In the following, the present invention will be explained with reference to the third embodiment shown in FIGS. 28 and 29 which illustrate, respectively, a front view of the plate fin according to this third embodiment of the present invention, and a cross-sectional view taken along a line XXIX--XXIX in FIG. 28. In FIGS. 28 to 30, a reference numeral 1 designates the fin base plate for the plate fins having a total length A" in the flow path direction of the air current. The fin base plate 1 has a plurality of holes 3, through which the heat transmitting tubes are passed. A reference numeral 9 designates a cut and raised piece formed in the above-mentioned fin base plate 1 at a space between the adjacent holes 3 for permitting the heat transmitting tubes to pass therethrough, and having a total length F" in the flowing direction of the air current. The cut and raised piece is so formed that a plurality of parallel incisions are made in the longitudinal direction of the above-mentioned fin base plate 1 with a planar fin base plate portion 5 having a length C" in the flowing direction of the air current being provided between the adjacent pieces, then the parallel incisions are lifted up in both front and rear surface directions of the fin base plate 1 on the march of the plane of the fin base plate 1 at a certain definite angle of inclination θ' and in certain definite directions as shown in FIG. 22 and with a definite lifting height E", thereafter the edge portions 6 on both sides of the lifted piece is re-bent in the direction opposite to the lifting direction and in substantially parallel with the surface of the fin base plate 1, and finally a step portion having a length G' in the flowing direction of the air current (as shown by an arrow mark) is formed in the substantially middle part of the piece in its cross-section. Further, the mutually adjacent cut and raised pieces in one plate fin are so formed that they are lifted up in opposite directions each other with respect to the fin base plate 1. In addition, fin base plate edge portions 7, each having a length B" in the air flowing direction and extending from the fin end part to the edge of the above-mentioned cut and raised piece 9 in the step form are arranged at both upstream and downstream sides with respect to the flowing direction of the air current. The dimensional relationship among these parts constituting the cut and raised piece and the fin base plate portion are in the ranges to be mentioned in the following: that is, the total length F" of the cut and raised piece 9 in the step form in the flowing direction of the air current is set to be in a range of from 4.0 to 6.0 mm; a relationship among the total length A" of the plate fin in the flow path direction of the air current, the number of rows NR" of a group of heat transmission tubes in the direction orthogonally intersecting with the air flowing direction (when such group of heat transmission tubes is called `row`), and the total length F" in the flowing direction of the air current of the cut and raised piece 9 in the step form, when expressed in terms of a relational equatio of F"/(A"/NR"), is set to be in a range of from 0.15 to 0.4; the lifting height E" of the cut and raised piece 9 in the step form is set to be in a range of from 0.7 to 0.9 mm; the length C" of the fin base plate portion 5 at an intermediate position between the adjacent cut and raised pieces 9 in the step form is set to be in a range of from 1.5 to 4.0 mm; and a ratio C"/F" between the length C" of the fin base plate portion 5 and the length F" of the cut and raised piece 9 in the step form in the flowing direction of the air current is set to be in a range of from 0.4 to 0.8. Further, the length B" of the fin base plate edge portions 7 positioned at both upstream and downstream sides with respect to the air flowing direction, and each extending from the fin end part to the edge of the cut and raised piece 9 in the step form, is set to be in a range of from 1.5 to 4.0 mm, and the length G' in the flowing direction of the air current of the flat surface 10 which is in parallel with the air flowing direction and positioned at the substantially center of the cut and raised piece 9 in the step form is set to be in a range of from 0.6 to 1.5 mm.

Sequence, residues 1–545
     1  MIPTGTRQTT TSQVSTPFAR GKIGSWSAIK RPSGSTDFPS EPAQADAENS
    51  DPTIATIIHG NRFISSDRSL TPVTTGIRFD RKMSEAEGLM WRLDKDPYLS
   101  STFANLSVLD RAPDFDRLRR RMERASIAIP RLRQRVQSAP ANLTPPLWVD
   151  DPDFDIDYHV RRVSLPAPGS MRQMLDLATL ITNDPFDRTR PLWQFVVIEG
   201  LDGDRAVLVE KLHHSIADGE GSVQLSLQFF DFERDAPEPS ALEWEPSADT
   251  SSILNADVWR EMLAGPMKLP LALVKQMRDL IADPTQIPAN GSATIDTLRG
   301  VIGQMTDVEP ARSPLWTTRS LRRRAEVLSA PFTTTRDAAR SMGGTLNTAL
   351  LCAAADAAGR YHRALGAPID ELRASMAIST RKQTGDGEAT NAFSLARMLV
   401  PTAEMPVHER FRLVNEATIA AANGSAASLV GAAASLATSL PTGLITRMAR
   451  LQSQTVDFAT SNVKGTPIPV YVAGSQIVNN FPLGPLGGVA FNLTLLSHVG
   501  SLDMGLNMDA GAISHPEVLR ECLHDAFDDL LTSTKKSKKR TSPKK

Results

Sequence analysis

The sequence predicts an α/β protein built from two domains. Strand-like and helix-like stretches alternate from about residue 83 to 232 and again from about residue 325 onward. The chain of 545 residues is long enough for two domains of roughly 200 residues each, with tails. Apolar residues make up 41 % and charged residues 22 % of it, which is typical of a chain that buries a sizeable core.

When the fin base plates 1, each being of a construction as described in the foregoing, are arranged in juxtaposition as shown in FIG. 30 to build a heat exchanger, since the cut and raised piece 9 is formed in a stepped shape, the cut and raised pieces 9 in one plate fin and those in the next adjacent plate fin among multitude of the plate fins arranged in juxtaposition form a plurality of sinuous flow paths for the air current. The air current passing through these sinuous flow paths is subjected to the direction changing for plural numbers of times, during which passage the boundary layer of the air current as a whole becomes thin due to the repetitive effect of the running sections for the air current and the heat transfer rate increases.

In addition, presence of the fin base plate portion 5 between the abovementioned adjacent cut and raised pieces 9 elongates the distance between these adjacent cut and raised pieces 9 with the consequence that the boundary layer which is liable to give influence on the leading edge part of the cut and raised piece disappears to a substantial extent, unlike the conventional heat exchanger, and the leading edge effect of the cut and raised piece 9 at the downstream side of the air flow can be fully taken advantage of, thereby making it possible to obtain a high heat transfer rate. Further, unlike the conventional heat exchanger, there is no possibility of the front edge effect being hindered by the influence of the boundary layer bewtween the cut and raised pieces 9 in the mutually juxtaposed and adjacent plate fins, as shown in FIG. 30.